Why do organisations need historians? In straightforward language, to avoid repeating the very obvious mistakes of the past. In addition, I’d suggest that it’s to help cope with ‘policy boomerangs’ and ‘faddism archaeology’. Organisational memory can be a fragile and ephemeral thing.
So, if was in charge… every organisation of up to 150 people you would have someone with a designated, ‘formal’ role of historian as part of their job. A keeper of the memory; one who remembers; a chronicler or Cofiadur if you fancy the Welsh version.
The Cofiadur/Historian would exist for every ‘unit’ of 150 people in the organisation. There is a reason for organising this around groups of 150 people; to do with Dunbar’s Number. The thinking behind Dunbar’s Number is that 150 people is the optimum number of people for an ‘organisation group’. It links to the number of social connections we can remember. There’s an explanation of Dunbar’s Number here, where Swedish Tax Inspectors and companies like Gore Tex have used it successfully in their organisations.
But, I’m not in charge. So, I’m going to have to convince you with something else. How about the Museum of Failed Products, Policy Boomerangs and Faddism Archaeology?
Policy Boomerangs and Faddism Archaeology. I need to thank Jack Shaw from the Bennett Institute for Public Policy who got my neurons firing with this Twitter Thread, reporting on the number of ‘Practicing Historians’ employed by Central Government.
The disappointing news is that the number of ‘Practicing Historians’, people employed formally in the role of ‘Historian’, is less than 40. Set against the context of over 460,000 Civil Servants this is a very small percentage! It would be over 3,000 Historians if you followed the logic of my 150 rule (another good reason why I’m not in charge).
The low numbers of Historians and lack of objective institutional memory is effectively the point of the Thread from Jack. When it comes to developing policy, you ignore your history at your peril. The comments are just as enlightening as the post. Some people make the point that there are actually lots of Civil Servants that are qualified as Historians; but they don’t necessarily work formally in that role to help inform policy. There’s also a comment about the United States Government taking the role of Historian more seriously, which did remind me of the fact that the US Nuclear Regulatory Commission employed Historians, which I’ve touched on previously.
I’d recommend a look at the Thread and comments, here are some of my main observations:
- Policy Boomerangs. I did pick up some lovely concepts like “policy making is poorer without a better understanding of the ‘longue duree’ (the long term)”. I’d agree with that and the phenomenon where some policies keep coming back around, like a ‘Policy Boomerang’. Matt Wyatt talks about this in the Organisational Goldilocks Zone of a 4 year cycle (here). In straightforward terms institutional memory is necessary to help us solve long term problems. Which is where the Historians come in, pointing out the policy boomerangs and the recycling of things that never worked in the past. Which leads me onto…
- Faddism Archaeology. There’s a lovely description in the Thread of ‘regeneration archaeology’ where economic regeneration policies from previous administrations are ‘rejuvenated’ despite any evidence of previous success. I’d argue that this goes well beyond the area of policy and is alive and well in the wider world of management practice. ‘Fads’ from the past are dug up, repackaged and ‘sold’ to the new generation of aspiring leaders and managers to help boost performance – or solve the latest problem. I really think we need Historians in this space to stop us wasting money, like we did in the past. Here’s something I wrote a while back on ‘Silver Bullet Syndrome and Richard Pascale’s Management Fads’.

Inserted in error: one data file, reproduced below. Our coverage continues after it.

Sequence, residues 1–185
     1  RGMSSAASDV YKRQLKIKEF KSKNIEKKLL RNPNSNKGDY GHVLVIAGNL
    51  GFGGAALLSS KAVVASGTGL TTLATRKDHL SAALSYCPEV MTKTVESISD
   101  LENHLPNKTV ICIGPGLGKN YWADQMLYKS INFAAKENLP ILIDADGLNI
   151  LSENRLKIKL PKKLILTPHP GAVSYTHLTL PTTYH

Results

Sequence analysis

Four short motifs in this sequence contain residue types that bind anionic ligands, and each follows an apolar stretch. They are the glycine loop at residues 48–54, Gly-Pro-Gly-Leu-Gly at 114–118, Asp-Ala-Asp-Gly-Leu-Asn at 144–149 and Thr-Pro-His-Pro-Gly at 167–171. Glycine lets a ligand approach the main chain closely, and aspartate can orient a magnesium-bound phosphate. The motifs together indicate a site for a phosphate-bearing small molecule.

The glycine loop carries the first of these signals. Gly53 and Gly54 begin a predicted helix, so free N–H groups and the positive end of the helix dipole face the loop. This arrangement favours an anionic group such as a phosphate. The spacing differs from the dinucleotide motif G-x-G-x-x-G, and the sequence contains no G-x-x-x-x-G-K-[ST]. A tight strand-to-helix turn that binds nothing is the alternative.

- The Museum of Failed Products. Ages ago I asked a question, Do we need a Public Services Museum of Failed Products? This was prompted by the fact that there is an actual Museum of Failed Products in the commercial world. People who read the post said “yes”, but others also pointed out that this sort of thing already exists in places like the National Archives and the reports of audit organisations. The point is that we don’t pay much attention to these records… There are a couple things going on here, sometimes Corporate Amnesia is a convenient practice if you’ve done things you want to deliberately forget. The other point is that if you don’t have formal Historians, there’s nobody around to do the ‘remembering’.
You can’t keep living in the past… There is of course a negative side to ‘too much remembering’. Shiny Transformation Types will argue that living in the past is holding us back from a better future. I’d agree, up to a point, but we do need to remember what has come before us. Completely ignoring the past can very easily lead to repeating mistakes. If it helps, just think of ‘history’ as another source of ‘evidence’ or ‘data’ to support better decision making.
So, What’s the PONT?
- There’s not much in the world that is totally ‘new’. There will be a history of something that leads up to the point where we are now.
- Understanding ‘what came before’ can help to make a better decision now and for the future. At the minimum it can help you avoid the obvious mistakes of the past.
- Taking a ‘long view’ backwards takes as much effort as thinking about the impact of today’s actions on future generations. We need to be deliberate and purposeful about doing both. We need Historians as well as Futurologists.